duction, reports of the Department
of Agriculture indicate that this
situation will probably not prevail
in the 1943 crop year. Crop pros
pects already have been lowered
as a result of bad weather condit
ions throughout the United States
during the early spring. A drought
in the Southwest, frosts in Florida
and unseasonably cold weather in
the Northeast have affected early
vegetable crops, and the recent
floods in the midwestem feed
crop states are expected to have
severe impacts on corn-hog yields.
Labor shortages in the Pacific
Coast and other areas and over
crowded transportation facilities
throughout the country are addit
ional factors.
f Wit ore Afnct ha IS
Or Older; Polls Open
From Noon to 7 P. M.
Ratification or rejection of the
Charter for Community Advisory
Council will be laid squarely in the
laps of Hunt residents who will be
called upon to cast their votes in
an election to be held on Tuesday,
June 15, in each dining hall of the
center. The election will be deter
mined by a majority of the votes
All residents of the Minidoka
center who are 18 years of age or
over are eligible to vote. Polls will
be open from 12 noon to 7 p. m.
on election day.
The voting, which will be by se
cret ballot, will be under the su
pervision and control of the Organ
ization Commission, members of
which are Roy Akiyama. Francis
K. Chujo, Yoshito Fujii, Dick
Kanaya and Junjiro Yukawa.
According to election rules re
vealed by Yoshio Urakawa, chair
man of the special election commit
tee, block representatives, hereto
fore elected, shall serve as elec
tion clerks in their respective
blocks with authority to appoint
substitutes or assistants.
The block representatives will be
given a list of eligible voters in
their respective blocks by the spe
cial election committee and they,
in turn, shall distribute election
ballots to such eligible voters who
will register at that time.
The block representatives will be
in attendance at the poll during the
election hours and check off the
names of the eligible voters indiv
idually as they cast their ballots in
the ballot box which will be pro
vided from noon, to 7 p. m.
As soon as the poll closes, the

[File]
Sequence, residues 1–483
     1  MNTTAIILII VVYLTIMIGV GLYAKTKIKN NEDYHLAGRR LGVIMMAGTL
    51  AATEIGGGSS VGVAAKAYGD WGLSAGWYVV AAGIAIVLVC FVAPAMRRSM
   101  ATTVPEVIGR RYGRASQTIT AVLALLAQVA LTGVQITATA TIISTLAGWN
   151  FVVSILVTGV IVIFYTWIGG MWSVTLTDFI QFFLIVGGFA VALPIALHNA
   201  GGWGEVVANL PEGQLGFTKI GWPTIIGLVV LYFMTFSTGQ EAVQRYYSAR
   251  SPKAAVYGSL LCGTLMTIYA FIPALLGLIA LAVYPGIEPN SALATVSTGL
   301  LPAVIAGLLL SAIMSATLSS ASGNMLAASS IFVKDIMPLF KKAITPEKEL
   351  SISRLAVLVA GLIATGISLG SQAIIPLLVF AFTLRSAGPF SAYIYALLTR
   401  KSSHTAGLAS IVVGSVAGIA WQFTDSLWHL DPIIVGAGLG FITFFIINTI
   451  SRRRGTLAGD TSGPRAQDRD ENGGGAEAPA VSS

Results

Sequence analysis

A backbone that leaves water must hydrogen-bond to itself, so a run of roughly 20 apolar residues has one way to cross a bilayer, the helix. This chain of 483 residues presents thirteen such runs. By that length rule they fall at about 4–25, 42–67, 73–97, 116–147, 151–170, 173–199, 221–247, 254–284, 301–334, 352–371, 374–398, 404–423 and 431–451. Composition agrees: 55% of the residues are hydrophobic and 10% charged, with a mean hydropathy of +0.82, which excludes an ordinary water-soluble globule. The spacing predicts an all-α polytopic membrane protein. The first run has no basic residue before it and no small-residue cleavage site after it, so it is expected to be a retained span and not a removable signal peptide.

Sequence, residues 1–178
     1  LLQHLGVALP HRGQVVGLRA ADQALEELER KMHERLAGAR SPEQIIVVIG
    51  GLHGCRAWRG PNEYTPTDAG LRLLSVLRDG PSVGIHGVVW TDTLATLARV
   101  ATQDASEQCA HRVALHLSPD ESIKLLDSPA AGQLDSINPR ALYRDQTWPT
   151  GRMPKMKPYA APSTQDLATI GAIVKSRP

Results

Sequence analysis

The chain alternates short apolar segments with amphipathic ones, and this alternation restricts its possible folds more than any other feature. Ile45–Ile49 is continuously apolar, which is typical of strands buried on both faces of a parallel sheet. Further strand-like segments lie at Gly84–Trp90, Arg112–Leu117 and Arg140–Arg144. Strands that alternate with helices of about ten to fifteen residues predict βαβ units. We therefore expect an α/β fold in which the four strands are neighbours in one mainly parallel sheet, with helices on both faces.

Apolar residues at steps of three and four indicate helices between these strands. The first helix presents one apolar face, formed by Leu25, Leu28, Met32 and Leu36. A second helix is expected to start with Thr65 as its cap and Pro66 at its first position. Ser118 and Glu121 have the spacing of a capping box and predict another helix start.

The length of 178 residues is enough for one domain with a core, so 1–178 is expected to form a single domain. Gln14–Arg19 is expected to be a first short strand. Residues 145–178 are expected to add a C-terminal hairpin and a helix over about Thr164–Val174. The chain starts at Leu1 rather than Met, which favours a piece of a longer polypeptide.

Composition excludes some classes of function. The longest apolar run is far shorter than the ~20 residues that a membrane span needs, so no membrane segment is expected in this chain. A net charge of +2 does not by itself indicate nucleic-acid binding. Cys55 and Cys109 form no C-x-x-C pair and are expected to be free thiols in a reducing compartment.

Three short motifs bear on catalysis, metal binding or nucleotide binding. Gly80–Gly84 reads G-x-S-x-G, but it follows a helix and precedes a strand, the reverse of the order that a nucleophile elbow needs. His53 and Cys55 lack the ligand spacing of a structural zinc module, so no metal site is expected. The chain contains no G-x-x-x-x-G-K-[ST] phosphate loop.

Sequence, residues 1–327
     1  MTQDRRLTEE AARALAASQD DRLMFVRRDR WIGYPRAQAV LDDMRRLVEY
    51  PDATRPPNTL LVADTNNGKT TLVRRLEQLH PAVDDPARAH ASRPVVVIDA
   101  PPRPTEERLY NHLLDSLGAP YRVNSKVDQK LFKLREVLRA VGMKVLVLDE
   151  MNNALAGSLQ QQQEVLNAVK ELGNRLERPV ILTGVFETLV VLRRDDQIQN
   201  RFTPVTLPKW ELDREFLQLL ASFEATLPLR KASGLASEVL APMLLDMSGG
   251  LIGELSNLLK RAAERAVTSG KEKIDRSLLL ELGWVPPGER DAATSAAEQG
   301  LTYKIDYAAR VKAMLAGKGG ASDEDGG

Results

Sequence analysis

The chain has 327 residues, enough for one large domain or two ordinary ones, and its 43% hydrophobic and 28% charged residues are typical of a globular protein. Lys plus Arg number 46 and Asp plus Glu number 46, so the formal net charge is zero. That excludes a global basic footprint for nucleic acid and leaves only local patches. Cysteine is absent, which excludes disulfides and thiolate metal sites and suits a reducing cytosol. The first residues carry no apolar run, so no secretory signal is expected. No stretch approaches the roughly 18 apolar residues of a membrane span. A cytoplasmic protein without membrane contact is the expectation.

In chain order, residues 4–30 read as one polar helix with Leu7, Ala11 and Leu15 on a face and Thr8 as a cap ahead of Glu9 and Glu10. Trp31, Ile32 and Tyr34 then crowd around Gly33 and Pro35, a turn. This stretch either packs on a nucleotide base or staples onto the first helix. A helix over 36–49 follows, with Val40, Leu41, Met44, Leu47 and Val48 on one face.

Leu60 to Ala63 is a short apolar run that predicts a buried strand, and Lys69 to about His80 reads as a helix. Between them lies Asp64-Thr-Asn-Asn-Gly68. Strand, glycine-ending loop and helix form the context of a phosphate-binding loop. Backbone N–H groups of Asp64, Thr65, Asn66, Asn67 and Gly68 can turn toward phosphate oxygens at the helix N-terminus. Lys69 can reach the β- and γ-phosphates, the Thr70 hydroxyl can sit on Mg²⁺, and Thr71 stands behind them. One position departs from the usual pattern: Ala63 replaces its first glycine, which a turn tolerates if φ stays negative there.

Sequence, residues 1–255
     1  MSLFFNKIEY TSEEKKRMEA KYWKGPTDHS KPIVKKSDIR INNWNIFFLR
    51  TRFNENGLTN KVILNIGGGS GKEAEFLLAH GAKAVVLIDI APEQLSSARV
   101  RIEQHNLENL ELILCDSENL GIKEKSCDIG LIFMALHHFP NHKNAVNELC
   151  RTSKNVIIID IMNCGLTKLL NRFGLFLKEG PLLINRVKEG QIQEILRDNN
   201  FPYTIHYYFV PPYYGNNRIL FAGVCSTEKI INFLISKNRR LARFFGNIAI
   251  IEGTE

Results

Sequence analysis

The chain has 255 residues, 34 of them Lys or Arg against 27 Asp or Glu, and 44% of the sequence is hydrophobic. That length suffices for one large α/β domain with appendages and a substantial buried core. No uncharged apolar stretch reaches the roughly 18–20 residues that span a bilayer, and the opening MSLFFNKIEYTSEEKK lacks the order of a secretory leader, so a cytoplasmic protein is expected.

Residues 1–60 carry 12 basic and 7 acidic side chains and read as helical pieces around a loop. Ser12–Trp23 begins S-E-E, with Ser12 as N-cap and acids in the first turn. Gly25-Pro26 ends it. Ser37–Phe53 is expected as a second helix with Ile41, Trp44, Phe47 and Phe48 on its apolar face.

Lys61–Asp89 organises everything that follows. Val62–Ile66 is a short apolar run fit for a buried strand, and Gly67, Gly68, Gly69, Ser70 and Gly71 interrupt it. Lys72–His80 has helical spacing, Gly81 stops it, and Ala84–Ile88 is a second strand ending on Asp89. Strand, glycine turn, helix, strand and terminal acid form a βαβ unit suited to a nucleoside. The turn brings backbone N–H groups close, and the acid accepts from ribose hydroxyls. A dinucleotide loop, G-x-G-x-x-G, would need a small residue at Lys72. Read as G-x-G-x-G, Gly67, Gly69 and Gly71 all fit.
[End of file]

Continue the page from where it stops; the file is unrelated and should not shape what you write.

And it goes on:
block representatives will take
their ballot boxe3 to D. H. 21 where
the votes will be tabulated.
The election committee stressed
that no absentee or proxy vote will
be allowed, and where the inten
tion of the voters is not plainly
ascertainable, such ballots will be
declared void.
In the event the charter Is rati
fied, steps will Immediately be tak
en to hold an election to pick the
members of the Community Ad
visory Council.
Stafford Returns
From Washington
Project Director H. L. Staf
ford returned this week from
a ten-day conference of all
project directors and field di
rectors in Washington, D. C.
He said that the meeting
was devoted to discussion of
policy matters, budgetary
matters, food production and
other matters relative to the
operations of the relocation

About This Newspaper

The Minidoka irrigator (Hunt, Idaho), June 12, 1943
Contributor Names
Library of Congress
Place of Publication
Hunt, Idaho
Created / Published
Hunt, Idaho, June 12, 1943
Subject Headings
-  Minidoka Relocation Center--Newspapers
-  Japanese Americans--Evacuation and relocation, 1942-1945--Newspapers
-  Hunt (Idaho)--Newspapers
-  Minidoka Relocation Center
-  Evacuation and relocation of Japanese Americans (United States : 1942-1945)
-  Japanese Americans
-  Idaho--Hunt
-  1942-1945
-  United States--Idaho--Jerome--Hunt
Japanese American evacuation and relocation camp newspapers--Idaho--Hunt
-  Weekly, Feb. 27, 1943-July 28, 1945
-  Vol. 1, no. 1 (Sept. 10, 1942)-v. 5, no. 22 (July 28, 1945).
-  Collected in Japanese camp papers.
-  Also issued on microfilm from the Library of Congress, Photoduplication Service.
-  Also available in digital format on the Library of Congress website.
-  In English and Japanese.
-  Published at the Minidoka Relocation Center established by the War Relocation Authority for civilians of Japanese ancestry.
14 pages
Call Number/Physical Location
Library of Congress Control Number
Online Format
online text
Reel Numbers
Hunt, Idaho
LCCN Permalink
Additional Metadata Formats
IIIF Presentation Manifest
Manifest (JSON/LD)

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Chicago citation style:

The Minidoka irrigator. (Hunt, ID), Jun. 12 1943.

APA citation style:

(1943, June 12) The Minidoka irrigator. Retrieved from the Library of Congress,

MLA citation style:

The Minidoka irrigator. (Hunt, ID) 12 Jun. 1943. Retrieved from the Library of Congress,